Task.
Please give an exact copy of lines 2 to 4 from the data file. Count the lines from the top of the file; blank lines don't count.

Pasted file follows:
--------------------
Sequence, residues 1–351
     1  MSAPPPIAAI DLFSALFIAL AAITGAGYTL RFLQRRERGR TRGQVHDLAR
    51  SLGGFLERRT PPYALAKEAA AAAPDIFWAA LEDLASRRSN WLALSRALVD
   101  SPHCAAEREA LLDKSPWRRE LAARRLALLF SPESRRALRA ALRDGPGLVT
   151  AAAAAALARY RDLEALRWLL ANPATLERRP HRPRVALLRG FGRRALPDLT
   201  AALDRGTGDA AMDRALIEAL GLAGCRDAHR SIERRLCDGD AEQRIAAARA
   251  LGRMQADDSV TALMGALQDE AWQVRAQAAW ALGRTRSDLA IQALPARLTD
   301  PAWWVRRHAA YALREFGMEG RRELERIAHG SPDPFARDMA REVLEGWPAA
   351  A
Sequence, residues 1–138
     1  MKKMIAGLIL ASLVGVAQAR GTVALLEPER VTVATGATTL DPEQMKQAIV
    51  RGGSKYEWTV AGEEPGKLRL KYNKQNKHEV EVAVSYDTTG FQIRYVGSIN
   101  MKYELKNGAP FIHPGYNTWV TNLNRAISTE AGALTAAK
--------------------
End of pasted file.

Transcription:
     1  MSAPPPIAAI DLFSALFIAL AAITGAGYTL RFLQRRERGR TRGQVHDLAR
    51  SLGGFLERRT PPYALAKEAA AAAPDIFWAA LEDLASRRSN WLALSRALVD
   101  SPHCAAEREA LLDKSPWRRE LAARRLALLF SPESRRALRA ALRDGPGLVT